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Universal Audio Architecture

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Title: Universal Audio Architecture  
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Subject: .NET Framework, Device drivers, CAPICOM, Composite UI Application Block, Microsoft Messaging Passing Interface
Collection: Device Drivers, Windows Audio
Publisher: World Heritage Encyclopedia

Universal Audio Architecture

Universal Audio Architecture logo

Universal Audio Architecture (UAA) is an initiative unveiled in 2002 by Microsoft to standardize the hardware and class driver architecture for audio devices in modern Microsoft Windows operating systems. Three classes of audio devices are supported by default: USB, IEEE 1394 (Firewire), and Intel High Definition Audio, which supports PCI and PCI Express.

Starting with Windows Vista, Microsoft requires all computer and audio device manufacturers to support Universal Audio Architecture in order to pass Windows Logo.


  • Overview 1
  • History 2
  • See also 3
  • References 4
  • External links 5


The goal of the Universal Audio Architecture is to solve a very common problem in modern Microsoft Windows products, that of inconsistent support for audio. Due to the lack of a common system by which audio devices could describe their capabilities to the operating system, not to mention a lack of ability to control those capabilities, audio device manufacturers (such as Creative Labs, Realtek, Turtle Beach and others) have had to provide a series of control panels and custom interfaces to let a user control the device. This, in turn, requires kernel-mode drivers so that the user's actions can be communicated to the hardware itself. Poorly-written audio drivers have been a common source of system instability in Windows, especially with games that make use of extended audio card capabilities. These concerns prompted Microsoft to disable the audio stack entirely by default in Windows Server 2003.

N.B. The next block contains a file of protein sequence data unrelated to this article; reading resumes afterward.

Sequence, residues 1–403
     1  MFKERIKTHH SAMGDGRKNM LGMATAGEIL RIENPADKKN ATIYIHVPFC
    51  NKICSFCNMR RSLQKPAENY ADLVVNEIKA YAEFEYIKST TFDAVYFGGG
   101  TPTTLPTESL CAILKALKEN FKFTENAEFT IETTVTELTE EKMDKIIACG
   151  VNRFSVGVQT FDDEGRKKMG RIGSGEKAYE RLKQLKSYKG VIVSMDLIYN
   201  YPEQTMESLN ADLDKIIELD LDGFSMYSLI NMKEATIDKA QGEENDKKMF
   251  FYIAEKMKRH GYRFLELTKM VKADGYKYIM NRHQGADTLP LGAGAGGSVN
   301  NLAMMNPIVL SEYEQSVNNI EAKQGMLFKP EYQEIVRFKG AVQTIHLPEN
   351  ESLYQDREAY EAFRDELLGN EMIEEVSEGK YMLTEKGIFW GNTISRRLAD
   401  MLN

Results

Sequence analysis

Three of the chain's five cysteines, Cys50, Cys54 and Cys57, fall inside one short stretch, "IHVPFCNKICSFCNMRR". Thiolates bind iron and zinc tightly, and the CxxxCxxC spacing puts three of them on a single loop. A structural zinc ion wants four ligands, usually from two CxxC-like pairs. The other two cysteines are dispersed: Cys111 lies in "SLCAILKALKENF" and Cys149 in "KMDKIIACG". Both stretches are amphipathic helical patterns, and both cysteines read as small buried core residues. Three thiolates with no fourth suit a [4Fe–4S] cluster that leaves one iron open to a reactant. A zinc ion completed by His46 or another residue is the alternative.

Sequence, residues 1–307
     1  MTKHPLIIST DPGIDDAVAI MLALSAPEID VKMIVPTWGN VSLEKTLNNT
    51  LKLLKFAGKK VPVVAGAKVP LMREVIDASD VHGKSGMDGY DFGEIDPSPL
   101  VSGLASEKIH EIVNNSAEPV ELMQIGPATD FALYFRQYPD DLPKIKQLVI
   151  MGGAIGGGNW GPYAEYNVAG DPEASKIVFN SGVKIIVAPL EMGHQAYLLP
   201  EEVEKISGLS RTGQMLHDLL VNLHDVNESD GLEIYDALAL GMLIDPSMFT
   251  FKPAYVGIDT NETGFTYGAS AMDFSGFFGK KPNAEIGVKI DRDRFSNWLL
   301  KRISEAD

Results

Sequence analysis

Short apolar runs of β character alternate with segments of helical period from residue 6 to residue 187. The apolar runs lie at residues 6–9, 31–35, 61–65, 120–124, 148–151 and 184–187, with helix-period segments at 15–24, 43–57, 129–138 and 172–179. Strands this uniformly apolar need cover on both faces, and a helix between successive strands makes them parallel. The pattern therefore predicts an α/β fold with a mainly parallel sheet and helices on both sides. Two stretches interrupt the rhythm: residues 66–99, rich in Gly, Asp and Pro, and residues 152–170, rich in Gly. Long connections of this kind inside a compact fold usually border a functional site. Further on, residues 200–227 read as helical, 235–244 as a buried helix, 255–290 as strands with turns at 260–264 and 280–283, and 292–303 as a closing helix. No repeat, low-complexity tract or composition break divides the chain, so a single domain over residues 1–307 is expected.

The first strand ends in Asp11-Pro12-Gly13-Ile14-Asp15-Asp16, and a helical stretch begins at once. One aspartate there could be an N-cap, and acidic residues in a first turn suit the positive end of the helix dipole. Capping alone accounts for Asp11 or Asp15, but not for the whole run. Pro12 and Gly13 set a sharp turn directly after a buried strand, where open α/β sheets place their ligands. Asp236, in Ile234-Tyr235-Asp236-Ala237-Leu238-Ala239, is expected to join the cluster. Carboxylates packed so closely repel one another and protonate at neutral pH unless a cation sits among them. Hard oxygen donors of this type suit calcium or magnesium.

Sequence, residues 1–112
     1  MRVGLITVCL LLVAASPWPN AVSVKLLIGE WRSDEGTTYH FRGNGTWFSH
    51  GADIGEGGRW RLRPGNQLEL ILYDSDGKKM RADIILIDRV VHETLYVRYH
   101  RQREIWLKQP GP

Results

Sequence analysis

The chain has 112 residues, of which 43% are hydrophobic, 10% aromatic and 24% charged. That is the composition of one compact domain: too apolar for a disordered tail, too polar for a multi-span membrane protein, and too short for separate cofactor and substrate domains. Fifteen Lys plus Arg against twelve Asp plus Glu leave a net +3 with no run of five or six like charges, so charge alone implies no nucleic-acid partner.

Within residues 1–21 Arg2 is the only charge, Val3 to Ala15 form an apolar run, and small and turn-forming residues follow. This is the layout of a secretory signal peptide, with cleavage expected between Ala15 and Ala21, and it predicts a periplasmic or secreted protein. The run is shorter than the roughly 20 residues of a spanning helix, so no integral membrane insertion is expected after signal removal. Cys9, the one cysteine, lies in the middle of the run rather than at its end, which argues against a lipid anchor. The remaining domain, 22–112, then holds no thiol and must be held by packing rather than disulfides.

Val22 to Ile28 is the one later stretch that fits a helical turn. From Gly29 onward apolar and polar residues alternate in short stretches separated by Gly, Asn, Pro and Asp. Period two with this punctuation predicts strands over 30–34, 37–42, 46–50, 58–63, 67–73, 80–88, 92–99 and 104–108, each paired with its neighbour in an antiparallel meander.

UAA seeks to resolve problems by putting forth a standardized interface which audio devices can follow, ensuring that the device's capabilities will be recognized and used effectively by Windows, without the need for additional drivers or custom control panels. It also provides a reasonable assurance that an audio device will still be able to work many years down the road, without requiring vendor-supplied drivers for a newer version of Windows.

Another goal of UAA is to provide better support for multi-channel audio in Windows so that, for example, multi-channel WMA Pro audio streams can be played without special driver support.

UAA is intended to be a complete replacement for developing WDM Audio Drivers; however, in some cases it may be necessary for an otherwise UAA-compliant audio device to expose capabilities that cannot be done through UAA. Windows will continue to fully support audio drivers that use the PortCls and AVStream drivers.[1]


In 2004, Microsoft provided the first version of UAA as an update to Windows 2000 Service Pack 4, Windows XP Service Pack 1 and Windows Server 2003, but is only available by contacting Microsoft support directly.[2] However, almost all manufacturer supplied drivers contain the UAA class driver. Windows XP Service Pack 3 also includes the updated driver.

In Windows Vista, the Windows Logo program requirements state that any machine shipped with Vista must include a UAA-compliant audio device that works without additional drivers.

See also


  1. ^ Getting Started with WDM Audio Drivers provides further information on when it is appropriate to develop a custom audio driver.
  2. ^ MSKB 835221 describes the initial driver release, and MKSB 888111 describes the 1.0a update.

External links

  • Audio Device Technologies for Windows — Windows Hardware Developer Center web site
  • Universal Audio Architecture (UAA) High Definition Audio class driver (Q888111) for Windows XP with Service Pack 1
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